The QAGOMA Future Collective takes on the art of collecting

 
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Panelists Glenn Manser, Joshua Jones, Justin Nicholas, Danielle Renshaw and Simon Wright share their collecting experiences with Future Collective members and their guests, GOMA, 2016 / Photograph: Mark Sherwood

Recently, QAGOMA Foundation Future Collective members and their guests were treated to exclusive after-hours access to GOMA for a forum on public and private collecting perspectives. The group began the evening with a tour of acquisition highlights with Aaron Seeto, Curatorial Manager, Asian and Pacific Art, before enjoying a spirited conversation between art collectors: Foundation members Glenn Manser and Danielle Renshaw; Future Collective members Justin Nicholas and Joshua Jones; and Simon Wright, Assistant Director, Learning and Public Engagement, QAGOMA

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Aaron Seeto, Curatorial Manager, Asian and Pacific Art, gives the Future Collective a tour / Photograph: Mark Sherwood

The collecting bug bit me early in life and over the years I have traversed many interests in my collecting journey — from traditional hobbies of stamps and coins through to Australian art and decorative arts. It was comforting to know that the panellists shared many of my collecting experiences, including relentlessly chasing that must-have piece, parting with money that you really can’t afford to spend, and thinking responsibly about managing your collection. It was particularly enriching to hear Danielle and Glenn discuss their joy in gifting works to public institutions like QAGOMA.

My advice to new collectors is — don’t be afraid. Many of us visited galleries various times before summoning up the courage to approach the dealer; and often we began modestly, working our way up to bigger acquisitions as we grew more confident.

Here are a few tips that have worked well for me and for others:

1 | Get amongst it!
I learned the most about art and antiques by visiting galleries and stores, and by meeting dealers and other collectors. Sure, dealers are interested in selling, but the best have a passion to share their profound knowledge. Also ensure that you do your own research — take a look at other pieces by the artist, read any books or reviews that you can get your hands on. That way, you’ll feel more comfortable with your pieces.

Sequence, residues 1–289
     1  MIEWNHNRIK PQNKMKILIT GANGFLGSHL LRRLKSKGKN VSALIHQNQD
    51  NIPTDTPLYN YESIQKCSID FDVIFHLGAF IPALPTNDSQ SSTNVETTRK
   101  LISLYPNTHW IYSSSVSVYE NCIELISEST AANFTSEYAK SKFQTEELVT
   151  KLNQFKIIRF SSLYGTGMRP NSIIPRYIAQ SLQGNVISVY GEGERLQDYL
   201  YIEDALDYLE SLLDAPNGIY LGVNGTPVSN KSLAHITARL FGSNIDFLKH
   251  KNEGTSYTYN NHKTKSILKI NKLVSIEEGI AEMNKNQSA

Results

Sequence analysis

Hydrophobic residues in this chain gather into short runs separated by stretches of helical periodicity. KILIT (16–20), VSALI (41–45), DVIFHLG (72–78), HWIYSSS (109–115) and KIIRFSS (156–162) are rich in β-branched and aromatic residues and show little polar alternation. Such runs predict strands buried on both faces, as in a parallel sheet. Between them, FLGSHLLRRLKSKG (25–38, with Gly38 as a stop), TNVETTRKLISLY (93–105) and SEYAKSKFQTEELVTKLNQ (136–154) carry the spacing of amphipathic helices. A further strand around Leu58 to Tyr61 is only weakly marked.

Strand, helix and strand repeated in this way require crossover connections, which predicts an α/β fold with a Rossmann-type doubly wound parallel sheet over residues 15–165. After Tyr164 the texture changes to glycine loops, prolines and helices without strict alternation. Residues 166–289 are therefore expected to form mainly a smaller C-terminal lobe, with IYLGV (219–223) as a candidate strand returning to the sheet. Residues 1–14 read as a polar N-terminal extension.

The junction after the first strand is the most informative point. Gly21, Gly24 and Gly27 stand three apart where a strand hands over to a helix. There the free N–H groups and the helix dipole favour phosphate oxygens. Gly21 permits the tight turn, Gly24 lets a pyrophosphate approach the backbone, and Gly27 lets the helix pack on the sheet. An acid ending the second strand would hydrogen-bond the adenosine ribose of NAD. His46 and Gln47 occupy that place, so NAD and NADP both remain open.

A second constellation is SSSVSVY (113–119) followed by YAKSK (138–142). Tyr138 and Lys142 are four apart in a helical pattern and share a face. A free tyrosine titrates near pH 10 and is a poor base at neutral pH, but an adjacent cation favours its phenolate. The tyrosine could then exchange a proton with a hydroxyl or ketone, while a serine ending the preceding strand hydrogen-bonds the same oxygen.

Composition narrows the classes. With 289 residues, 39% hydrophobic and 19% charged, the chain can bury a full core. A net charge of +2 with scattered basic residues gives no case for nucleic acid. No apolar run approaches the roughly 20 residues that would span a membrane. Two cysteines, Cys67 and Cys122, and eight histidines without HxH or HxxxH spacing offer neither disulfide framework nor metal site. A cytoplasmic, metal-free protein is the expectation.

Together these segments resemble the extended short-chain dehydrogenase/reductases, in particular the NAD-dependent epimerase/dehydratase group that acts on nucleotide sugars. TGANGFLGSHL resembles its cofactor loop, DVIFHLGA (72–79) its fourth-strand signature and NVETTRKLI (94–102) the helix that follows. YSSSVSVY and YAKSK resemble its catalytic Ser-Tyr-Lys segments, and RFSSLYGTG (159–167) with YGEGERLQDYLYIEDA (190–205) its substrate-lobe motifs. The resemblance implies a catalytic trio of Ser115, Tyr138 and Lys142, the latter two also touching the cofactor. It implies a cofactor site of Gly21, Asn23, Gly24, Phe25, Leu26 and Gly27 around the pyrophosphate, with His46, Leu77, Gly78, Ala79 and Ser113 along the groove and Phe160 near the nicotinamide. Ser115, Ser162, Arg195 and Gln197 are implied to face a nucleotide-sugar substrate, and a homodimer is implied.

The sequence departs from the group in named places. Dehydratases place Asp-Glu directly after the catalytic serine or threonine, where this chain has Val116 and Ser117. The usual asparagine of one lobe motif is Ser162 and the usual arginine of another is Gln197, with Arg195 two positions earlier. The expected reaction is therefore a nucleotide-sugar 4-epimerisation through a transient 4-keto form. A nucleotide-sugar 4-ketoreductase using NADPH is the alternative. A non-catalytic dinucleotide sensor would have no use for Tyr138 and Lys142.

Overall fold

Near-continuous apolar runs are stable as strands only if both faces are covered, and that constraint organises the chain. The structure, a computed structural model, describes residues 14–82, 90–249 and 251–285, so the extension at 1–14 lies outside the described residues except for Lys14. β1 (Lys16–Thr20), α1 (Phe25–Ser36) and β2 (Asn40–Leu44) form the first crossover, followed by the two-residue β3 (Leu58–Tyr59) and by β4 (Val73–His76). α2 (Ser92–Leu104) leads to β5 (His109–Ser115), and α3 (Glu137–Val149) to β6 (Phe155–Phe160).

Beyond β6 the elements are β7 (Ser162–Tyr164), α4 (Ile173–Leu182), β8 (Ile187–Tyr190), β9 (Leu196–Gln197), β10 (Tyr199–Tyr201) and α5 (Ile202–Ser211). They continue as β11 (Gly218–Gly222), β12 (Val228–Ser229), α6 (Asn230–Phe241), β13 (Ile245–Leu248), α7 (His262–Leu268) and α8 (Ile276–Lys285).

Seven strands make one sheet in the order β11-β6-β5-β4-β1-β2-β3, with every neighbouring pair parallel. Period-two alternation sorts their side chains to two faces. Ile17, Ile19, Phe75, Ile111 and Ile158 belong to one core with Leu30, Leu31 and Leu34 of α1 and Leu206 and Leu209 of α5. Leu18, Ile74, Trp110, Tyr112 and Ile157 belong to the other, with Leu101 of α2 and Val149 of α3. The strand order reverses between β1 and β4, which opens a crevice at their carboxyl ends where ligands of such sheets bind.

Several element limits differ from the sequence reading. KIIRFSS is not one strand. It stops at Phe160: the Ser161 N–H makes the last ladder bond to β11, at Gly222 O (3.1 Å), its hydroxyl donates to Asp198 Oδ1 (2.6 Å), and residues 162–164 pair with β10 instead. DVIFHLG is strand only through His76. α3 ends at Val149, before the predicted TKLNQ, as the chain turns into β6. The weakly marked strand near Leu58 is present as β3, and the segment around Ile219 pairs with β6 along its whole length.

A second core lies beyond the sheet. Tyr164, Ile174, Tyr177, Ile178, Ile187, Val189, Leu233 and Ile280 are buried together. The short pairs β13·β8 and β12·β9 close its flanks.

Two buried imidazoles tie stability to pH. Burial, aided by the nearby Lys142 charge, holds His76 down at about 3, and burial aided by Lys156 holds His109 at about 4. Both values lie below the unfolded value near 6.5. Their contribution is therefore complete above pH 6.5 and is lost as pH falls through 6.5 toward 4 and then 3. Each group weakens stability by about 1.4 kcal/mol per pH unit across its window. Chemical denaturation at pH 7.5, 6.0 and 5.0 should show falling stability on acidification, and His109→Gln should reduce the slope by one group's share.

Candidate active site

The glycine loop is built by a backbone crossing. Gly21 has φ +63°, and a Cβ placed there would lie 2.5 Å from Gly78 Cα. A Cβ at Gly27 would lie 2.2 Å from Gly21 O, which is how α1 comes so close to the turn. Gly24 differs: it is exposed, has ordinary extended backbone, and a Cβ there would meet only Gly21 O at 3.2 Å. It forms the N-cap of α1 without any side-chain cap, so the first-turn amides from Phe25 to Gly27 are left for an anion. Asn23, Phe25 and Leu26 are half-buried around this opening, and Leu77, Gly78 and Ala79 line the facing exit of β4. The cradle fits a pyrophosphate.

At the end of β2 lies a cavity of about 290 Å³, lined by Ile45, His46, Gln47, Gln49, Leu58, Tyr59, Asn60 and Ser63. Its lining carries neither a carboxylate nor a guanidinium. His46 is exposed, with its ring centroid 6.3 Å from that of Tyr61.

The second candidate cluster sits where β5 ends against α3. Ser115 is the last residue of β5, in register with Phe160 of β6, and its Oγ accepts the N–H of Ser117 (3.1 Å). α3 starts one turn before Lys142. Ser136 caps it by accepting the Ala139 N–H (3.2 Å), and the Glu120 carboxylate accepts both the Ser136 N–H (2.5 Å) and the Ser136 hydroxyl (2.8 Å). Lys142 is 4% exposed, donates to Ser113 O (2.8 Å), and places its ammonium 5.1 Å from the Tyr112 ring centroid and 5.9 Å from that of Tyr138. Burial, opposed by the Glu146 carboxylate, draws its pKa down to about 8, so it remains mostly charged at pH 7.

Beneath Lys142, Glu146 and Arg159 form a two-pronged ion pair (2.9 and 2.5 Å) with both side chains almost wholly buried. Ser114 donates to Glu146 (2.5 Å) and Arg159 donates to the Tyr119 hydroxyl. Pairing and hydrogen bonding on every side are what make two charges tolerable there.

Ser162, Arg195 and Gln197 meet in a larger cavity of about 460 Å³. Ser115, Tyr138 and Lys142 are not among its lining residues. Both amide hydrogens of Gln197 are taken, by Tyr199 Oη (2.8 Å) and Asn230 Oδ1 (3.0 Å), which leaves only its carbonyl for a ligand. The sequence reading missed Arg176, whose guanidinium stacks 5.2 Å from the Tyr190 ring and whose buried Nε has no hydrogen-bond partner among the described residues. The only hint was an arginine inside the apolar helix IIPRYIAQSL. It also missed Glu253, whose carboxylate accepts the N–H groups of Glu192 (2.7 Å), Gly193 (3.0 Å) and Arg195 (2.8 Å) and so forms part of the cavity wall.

2 | Buy what you love, but take risks!
Art is an investment both financially and emotionally. As it will hang on a wall in your home or office, I recommend you select things that interest you. Note I write “interest”, and not “like”. Certainly, buy works that you like, but sometimes the perennially rewarding artworks are those that push us out of our comfort zone.

3 | Have fun!
Collecting is a journey and, as such, it is what you make it. It’s been an exciting one for me so far, and has enriched my life immeasurably. Visit galleries, bid at auctions, but most of all, enjoy the lifelong learning that collecting brings!

I look forward to seeing you at our extravaganza at GOMA, the Future Collective Revel 2016, on Saturday 23 July.

Timothy Roberts is a consultant in Australian art heritage, Vice-President of the Professional Historians Association of Queensland, and Councillor of the Royal Historical Society of Queensland. He is a member of the QAGOMA Future Collective and has been a Member of the QAGOMA Foundation since 2010.

Future Collective Revel 2016
7pm – 11pm | Saturday 23 July
Buy Tickets

Join QAGOMA’s newest and youngest supporters, the Future Collective, for the first gala at GOMA as we lower the lights for an extravaganza of contemporary art, cocktails, live music and culinary delights.

Enjoy exclusive access to our latest exhibitions after hours
‘Cindy Sherman’
‘A World View: The Tim Fairfax Gift’

All proceeds of Revel 2016 will support the ongoing development of the Gallery through the QAGOMA Foundation.